Another day of events wrapped up the farming fun on the South Inch at Perth Show on Saturday.
Thousands of farming enthusiasts, competitors, celebrities and local residents flocked to the 157th annual agricultural show this weekend.
Over 1,200 head of horses, donkeys, goats, cattle and sheep competed in around 360 classes at the Perth park – the only major farming show in Scotland to be held in a city centre.
Perth Show has evolved into one of the UK’s leading farming shows, and has grown to include collaborate with Perthshire on a Plate, which shows off the best of local produce.
With celebrity culinary stars and Perthshire chefs combining in the past, this year was no exception.
ITV’s This Morning chef Phil Vickery headlined the 2019 cookery expo on Friday, but it was local chefs who stole the show on the Saturday.
Andrew Moss of The North Port restaurant, Marie-Clare James from George Campbell and Sons, David Barnett from Pitlochry’s Fonab Castle all hosted culinary demonstrations, and a special children’s cooking class was also put on. Amongst other demonstrations which took place were wood turning and wool spinning.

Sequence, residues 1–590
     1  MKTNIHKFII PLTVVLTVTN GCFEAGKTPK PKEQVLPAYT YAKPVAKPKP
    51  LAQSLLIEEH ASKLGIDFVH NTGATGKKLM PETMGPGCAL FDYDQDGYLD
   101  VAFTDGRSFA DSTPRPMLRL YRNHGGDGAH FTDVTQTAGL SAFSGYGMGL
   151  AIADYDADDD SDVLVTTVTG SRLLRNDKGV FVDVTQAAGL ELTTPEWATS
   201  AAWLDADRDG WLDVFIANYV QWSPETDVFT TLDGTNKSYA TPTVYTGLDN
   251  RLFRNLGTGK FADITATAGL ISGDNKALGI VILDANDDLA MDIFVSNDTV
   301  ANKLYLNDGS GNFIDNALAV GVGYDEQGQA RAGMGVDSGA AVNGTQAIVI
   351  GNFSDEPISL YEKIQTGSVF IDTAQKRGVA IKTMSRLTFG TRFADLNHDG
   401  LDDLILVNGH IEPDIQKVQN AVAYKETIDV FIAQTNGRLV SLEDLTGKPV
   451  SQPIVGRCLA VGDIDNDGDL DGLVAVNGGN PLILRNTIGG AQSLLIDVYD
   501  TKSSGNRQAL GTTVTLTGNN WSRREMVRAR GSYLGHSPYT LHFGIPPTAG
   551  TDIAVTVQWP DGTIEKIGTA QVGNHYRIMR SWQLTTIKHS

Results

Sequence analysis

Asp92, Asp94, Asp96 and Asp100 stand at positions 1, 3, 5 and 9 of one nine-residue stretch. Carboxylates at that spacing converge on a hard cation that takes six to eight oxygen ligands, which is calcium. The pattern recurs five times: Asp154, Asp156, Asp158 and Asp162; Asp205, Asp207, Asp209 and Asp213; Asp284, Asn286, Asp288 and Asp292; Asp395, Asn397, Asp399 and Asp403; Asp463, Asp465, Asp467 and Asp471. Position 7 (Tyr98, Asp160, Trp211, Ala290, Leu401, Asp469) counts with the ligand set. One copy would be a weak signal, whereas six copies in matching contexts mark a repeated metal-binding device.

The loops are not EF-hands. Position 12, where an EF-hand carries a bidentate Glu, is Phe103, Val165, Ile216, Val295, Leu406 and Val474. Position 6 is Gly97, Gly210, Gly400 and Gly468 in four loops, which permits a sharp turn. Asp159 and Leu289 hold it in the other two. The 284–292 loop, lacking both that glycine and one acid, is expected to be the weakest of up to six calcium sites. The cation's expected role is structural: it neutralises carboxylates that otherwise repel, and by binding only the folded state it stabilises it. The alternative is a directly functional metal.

In the main arena, dog show was followed by children’s races as Perth and District Pipe Band performed throughout the day.
Plenty of vintage farming vehicles were on display as the annual showjumping exhibition took place, with riders as young as nine years old wowing the crowds.
Ten teams of young farmers from far and near contested the tug o’ war and the Grand Parade showcased the champions and prize winning livestock from across the weekend in the main ring, peppered with colourful rosettes.
A Battle of the Buskers was also held, organised by staff from The Green Room which carried on into the evening.
Show secretary Neil Forbes has heralded the event, which once again proved a huge success.
He said: “This year’s show continued to feature many of the traditional aspects of agricultural shows loved and valued by generations of farmers, as well as a growing array of new and exciting visitor attractions.
“No matter where you were in the showground or what day it was, there was something to get involved with, compete in or marvel over.
“It was two days of constant and widespread entertainment and engagement that appealed to both farmers and townsfolk.